Jerry Spagnoli is currently working on several projects including two ongoing historical documentation series, “Local Stories” and “The Last Great Daguerreian Survey of the Twentieth Century.” The common thread among all his projects is the exploration of the interplay between information and knowledge. Taking the camera and photosensitive materials as the traditional standard for objectivity Spagnoli explores the ways that subjectivity is the inevitable basis of all knowledge. His most recent book, Heirloom Harvest, was published by Bloomsbury in 2015. His other monographs include American Dreaming and Daguerreotypes and the soon-to-be-published Regard.

Resurrecting the Important: How the 19th Century Might Save Contemporary Photography

1:30 – 2:30 PM

Presenter: Denise Bethel

Recent years have seen a number of contemporary photographers turn to 19th-century photographic processes, from the daguerreotype, ambrotype, and tintype to the wet plate and the camera obscura.  What things do these anachronistic methods bring to the field of contemporary photography?  Is it possible to re-direct a medium accustomed to the speed and ease of a cell phone camera?  This talk will explore what might be learned from the photographers of the 19th century and how these lessons are being used by some of the most adventurous artists of today.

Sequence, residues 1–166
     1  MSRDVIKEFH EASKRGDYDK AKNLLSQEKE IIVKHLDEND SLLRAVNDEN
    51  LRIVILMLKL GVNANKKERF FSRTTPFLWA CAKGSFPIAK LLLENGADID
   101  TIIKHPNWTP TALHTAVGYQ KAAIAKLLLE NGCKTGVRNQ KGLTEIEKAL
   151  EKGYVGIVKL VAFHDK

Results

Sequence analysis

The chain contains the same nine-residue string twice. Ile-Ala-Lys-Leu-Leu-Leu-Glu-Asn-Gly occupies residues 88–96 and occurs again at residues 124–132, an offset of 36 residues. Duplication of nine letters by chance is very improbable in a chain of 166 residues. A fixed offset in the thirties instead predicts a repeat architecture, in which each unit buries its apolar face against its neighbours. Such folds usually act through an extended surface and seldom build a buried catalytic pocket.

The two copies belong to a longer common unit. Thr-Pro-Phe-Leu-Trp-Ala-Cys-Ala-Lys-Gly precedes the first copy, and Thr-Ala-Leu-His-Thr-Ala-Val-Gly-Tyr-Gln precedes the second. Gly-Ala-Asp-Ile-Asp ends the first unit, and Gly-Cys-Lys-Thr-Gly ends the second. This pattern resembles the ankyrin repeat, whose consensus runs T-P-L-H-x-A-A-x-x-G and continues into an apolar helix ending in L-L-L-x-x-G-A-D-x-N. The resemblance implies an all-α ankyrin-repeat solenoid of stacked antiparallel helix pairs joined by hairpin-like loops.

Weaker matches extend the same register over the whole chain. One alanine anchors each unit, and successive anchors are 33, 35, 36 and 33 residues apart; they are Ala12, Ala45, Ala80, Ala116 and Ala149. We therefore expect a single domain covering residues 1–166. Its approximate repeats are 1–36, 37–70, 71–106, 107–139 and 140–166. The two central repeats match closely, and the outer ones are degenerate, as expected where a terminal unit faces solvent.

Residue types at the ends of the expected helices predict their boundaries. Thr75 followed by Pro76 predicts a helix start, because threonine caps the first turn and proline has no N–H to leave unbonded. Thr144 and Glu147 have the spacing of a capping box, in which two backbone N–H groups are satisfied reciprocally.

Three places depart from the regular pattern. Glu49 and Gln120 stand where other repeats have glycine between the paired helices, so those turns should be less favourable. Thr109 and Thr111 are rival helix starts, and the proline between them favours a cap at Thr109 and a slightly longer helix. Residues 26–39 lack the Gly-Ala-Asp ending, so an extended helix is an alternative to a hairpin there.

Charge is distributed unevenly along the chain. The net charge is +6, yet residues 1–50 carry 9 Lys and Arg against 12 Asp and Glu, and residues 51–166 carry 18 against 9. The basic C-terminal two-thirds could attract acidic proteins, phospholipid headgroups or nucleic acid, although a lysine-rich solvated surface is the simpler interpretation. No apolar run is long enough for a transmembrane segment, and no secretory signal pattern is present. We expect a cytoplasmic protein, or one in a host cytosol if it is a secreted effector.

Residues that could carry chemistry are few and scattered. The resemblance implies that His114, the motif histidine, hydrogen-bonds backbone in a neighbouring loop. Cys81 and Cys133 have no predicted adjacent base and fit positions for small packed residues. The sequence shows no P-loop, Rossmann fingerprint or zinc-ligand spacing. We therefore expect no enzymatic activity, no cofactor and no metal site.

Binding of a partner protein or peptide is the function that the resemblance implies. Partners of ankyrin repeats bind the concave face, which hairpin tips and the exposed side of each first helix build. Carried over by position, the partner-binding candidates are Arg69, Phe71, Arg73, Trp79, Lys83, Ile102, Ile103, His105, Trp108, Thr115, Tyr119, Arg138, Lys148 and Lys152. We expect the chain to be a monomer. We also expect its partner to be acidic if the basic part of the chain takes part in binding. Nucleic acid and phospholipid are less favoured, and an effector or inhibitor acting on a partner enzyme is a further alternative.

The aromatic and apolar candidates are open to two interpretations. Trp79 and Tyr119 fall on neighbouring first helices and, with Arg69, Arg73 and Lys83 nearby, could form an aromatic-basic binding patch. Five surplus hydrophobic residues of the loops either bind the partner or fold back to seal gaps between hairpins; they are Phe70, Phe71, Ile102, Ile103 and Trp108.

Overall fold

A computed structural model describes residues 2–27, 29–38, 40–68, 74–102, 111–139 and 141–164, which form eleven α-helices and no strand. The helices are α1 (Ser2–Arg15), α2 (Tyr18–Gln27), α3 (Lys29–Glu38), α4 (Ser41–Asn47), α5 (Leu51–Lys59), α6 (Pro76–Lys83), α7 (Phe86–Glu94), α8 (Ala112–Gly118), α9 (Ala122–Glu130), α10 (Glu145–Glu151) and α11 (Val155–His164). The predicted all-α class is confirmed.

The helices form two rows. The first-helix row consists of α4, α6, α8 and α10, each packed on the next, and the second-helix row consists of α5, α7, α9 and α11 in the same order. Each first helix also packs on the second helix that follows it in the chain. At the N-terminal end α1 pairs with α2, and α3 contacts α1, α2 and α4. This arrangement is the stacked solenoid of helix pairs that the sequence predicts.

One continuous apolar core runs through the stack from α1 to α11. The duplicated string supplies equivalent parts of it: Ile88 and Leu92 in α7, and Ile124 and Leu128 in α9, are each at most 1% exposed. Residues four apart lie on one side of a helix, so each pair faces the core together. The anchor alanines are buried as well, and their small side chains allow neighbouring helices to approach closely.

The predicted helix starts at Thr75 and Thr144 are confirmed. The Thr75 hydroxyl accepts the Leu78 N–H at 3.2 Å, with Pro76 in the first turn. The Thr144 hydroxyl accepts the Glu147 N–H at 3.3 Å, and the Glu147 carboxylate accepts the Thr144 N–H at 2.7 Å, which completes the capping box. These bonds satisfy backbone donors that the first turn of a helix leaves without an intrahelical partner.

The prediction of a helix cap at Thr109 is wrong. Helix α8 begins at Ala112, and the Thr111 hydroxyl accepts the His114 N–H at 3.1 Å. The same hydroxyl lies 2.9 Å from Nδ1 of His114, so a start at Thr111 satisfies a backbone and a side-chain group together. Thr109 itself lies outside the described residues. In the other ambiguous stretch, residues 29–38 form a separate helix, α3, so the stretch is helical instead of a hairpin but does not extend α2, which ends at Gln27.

Denise Bethel is the former Chairman of the New York Photographs Department of Sotheby’s auction house. Denise Bethel joined Sotheby’s in 1990. Since then, the Photographs Department, under her leadership, transformed the world auction market for photographs, setting nearly every major record. Bethel hammered down the most expensive classic photograph ever sold at auction, The Pond—Moonlight by Edward Steichen, at $2,928,000. Her last auction outing at the recent “175 Masterworks to Celebrate 175 Years of Photography: Property from Joy of Giving Something Foundation,” brought in $21.3 million, which is a record for a single-owner collection of photographs sold at auction and even for any type single photographs auction.

Silver Meditations: Cross-Currents in the History of Photography from the Mattis-Hochberg Collection

2:40 – 3:30 PM

Presenter: Collector Michael Mattis